Historic Treaty to Protect the Titanic’s Shipwreck

Nus Ghani MP, in her capacity as Maritime Minister visited Belfast, to mark a new treaty that seeks to protect the wreck of the RMS Titanic.

The RMS Titanic, the world’s most famous ship, built in Belfast, lies on the ocean floor, 2.5 miles under water and has hosted many discovery and recovery missions.

On her visit, Nus Ghani was delighted to announce that the wreck has now become a protected site, under a UK-US agreement ratified by US Secretary of State, Mike Pompeo, in November 2019.Under the agreement, any visit to the site must be subject to approval by either the British or the American government and obey strict rules regarding damage to the wreck and item removal.

The aim of the treaty is to limit further damage to the already-decaying wreck which might disappear within the next decade due to the harsh environment it lies in, as well as prevent the site from becoming a tourist attraction or hotspot for treasure hunters. Recovery missions have seen some 5,500 artefacts removed from the wreck, including a 17-tonne section of the hull. Items recovered from the site are usually the main pieces for auction houses the world over, with a letter written by one of the passengers selling for £126,000 and a violin reaching a price of £1.1 million.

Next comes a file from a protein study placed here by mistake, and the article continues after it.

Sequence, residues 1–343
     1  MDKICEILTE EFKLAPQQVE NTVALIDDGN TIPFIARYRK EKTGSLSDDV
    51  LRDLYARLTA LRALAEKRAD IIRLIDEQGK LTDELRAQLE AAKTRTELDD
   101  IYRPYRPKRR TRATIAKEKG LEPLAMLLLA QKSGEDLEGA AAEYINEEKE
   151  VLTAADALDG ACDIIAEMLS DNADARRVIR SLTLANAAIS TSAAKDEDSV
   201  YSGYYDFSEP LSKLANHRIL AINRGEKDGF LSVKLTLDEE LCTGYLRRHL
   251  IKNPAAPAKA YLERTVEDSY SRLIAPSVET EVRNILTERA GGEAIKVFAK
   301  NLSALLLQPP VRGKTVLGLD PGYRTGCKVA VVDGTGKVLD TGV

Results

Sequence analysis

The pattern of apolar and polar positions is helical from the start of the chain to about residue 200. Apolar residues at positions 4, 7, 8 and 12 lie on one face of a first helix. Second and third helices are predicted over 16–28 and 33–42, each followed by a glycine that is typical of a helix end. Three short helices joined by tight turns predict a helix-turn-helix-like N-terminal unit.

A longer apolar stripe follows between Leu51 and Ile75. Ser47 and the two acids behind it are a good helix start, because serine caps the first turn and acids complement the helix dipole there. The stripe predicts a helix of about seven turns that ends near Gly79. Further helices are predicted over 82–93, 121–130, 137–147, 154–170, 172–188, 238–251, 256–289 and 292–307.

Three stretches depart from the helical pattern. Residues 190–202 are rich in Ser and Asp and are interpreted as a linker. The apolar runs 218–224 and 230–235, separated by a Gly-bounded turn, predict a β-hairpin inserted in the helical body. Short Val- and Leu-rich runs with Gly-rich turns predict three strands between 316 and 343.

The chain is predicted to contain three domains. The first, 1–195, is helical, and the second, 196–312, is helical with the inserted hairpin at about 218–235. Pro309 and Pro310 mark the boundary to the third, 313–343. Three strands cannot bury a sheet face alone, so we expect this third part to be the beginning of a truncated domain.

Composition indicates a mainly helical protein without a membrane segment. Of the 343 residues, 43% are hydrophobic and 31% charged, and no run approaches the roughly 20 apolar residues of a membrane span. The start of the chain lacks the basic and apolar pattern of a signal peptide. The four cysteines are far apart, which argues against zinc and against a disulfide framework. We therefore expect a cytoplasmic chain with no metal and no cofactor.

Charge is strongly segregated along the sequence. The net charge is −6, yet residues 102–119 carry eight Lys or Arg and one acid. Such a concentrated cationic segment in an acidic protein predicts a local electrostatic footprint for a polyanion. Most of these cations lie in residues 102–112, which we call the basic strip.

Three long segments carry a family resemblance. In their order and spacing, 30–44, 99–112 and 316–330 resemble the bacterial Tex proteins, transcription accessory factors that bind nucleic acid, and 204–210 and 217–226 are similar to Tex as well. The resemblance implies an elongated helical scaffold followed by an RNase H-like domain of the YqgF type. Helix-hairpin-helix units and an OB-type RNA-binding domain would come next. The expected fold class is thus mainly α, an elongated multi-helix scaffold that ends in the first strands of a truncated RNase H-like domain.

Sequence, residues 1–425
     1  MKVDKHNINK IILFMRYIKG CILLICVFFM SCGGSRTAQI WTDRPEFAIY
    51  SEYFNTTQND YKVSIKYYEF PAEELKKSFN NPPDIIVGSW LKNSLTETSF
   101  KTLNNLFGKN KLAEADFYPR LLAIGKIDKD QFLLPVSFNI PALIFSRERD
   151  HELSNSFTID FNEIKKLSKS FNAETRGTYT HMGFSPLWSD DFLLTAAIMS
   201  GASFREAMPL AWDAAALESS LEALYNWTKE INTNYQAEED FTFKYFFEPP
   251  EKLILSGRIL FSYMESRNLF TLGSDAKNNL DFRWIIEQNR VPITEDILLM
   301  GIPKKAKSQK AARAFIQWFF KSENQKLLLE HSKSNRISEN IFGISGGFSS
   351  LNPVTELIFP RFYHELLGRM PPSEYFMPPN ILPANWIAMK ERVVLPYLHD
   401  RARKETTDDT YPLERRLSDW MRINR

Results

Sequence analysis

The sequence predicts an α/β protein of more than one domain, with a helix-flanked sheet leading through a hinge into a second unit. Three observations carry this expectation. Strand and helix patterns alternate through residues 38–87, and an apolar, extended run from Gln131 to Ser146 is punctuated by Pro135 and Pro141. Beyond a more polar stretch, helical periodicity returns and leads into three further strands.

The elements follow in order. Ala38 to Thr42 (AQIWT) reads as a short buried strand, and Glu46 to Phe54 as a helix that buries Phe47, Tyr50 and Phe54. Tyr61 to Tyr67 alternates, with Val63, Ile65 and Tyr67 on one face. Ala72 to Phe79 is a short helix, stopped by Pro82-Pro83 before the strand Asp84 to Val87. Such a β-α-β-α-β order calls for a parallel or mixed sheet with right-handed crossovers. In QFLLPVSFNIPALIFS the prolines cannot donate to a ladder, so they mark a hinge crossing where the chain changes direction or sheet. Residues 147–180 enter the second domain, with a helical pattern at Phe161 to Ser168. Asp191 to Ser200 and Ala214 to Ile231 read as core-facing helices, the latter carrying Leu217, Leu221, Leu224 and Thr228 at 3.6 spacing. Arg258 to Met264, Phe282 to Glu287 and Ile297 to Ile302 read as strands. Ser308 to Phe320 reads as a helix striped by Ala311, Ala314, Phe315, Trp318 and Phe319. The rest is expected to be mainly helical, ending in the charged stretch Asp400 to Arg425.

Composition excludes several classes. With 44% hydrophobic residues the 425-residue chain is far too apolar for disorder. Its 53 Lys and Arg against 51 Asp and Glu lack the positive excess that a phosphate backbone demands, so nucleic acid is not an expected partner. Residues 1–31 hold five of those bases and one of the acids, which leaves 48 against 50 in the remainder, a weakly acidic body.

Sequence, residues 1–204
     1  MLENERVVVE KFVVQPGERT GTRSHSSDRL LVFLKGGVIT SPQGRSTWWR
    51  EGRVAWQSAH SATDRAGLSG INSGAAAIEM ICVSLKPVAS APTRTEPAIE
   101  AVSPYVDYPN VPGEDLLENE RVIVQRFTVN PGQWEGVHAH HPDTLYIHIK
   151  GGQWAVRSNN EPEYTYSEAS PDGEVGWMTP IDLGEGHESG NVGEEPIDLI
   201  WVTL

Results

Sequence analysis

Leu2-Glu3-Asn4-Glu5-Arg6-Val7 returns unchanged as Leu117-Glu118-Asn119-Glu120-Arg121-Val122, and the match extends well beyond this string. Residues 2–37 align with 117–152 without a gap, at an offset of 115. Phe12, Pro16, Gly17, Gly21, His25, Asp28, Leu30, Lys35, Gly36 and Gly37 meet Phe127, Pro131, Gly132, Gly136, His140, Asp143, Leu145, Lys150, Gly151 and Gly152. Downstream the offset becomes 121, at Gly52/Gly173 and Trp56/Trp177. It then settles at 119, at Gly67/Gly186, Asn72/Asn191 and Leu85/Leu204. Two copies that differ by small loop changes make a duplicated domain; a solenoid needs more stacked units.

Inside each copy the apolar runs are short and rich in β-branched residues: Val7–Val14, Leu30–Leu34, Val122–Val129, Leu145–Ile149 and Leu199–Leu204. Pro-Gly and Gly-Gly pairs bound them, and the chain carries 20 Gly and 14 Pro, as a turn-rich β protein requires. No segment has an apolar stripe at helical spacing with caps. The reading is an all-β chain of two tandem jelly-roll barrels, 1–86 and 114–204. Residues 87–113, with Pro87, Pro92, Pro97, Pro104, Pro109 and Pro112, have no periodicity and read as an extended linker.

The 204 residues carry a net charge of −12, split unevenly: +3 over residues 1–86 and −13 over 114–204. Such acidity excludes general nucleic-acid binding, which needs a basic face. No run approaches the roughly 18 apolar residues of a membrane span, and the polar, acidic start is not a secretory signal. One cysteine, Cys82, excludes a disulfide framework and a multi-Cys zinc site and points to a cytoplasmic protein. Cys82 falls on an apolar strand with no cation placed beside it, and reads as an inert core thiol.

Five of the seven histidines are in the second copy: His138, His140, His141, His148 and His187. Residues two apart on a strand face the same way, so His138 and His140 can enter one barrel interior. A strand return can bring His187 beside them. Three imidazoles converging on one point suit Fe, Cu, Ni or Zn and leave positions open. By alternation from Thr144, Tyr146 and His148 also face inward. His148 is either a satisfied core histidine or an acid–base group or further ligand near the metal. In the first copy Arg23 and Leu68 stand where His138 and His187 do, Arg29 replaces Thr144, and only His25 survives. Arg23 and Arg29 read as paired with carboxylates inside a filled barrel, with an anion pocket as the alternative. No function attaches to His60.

Nus Ghani also visited the 1851 Trust’s maritime roadshow for girls. The aim of the roadshow is to inspire an motivate young girls to pursue STEM subjects in school – a prerequisite for a career in the maritime sector.

Nus Ghani declared:

‘This momentous agreement with the United States to preserve the wreck of the Titanic means it will be treated with the sensitivity and respect owed to the final resting place of more than 1,500 lives. Over 500 households in Southampton lost someone when the Titanic sank. We must respect the site of the greatest commercial shipping tragedy in peacetime history.’ 

‘The work of the 1851 Trust is a strong insurance of the UK’s future as a centre of maritime excellence. Opening up the sector to girls and engaging more girls in STEM subjects are two of the Government’s most critical aims.’

‘I hope this inspires girls the length and breadth of the country, including in my own constituency, to take STEM subjects and to dream big when it comes to their future careers.’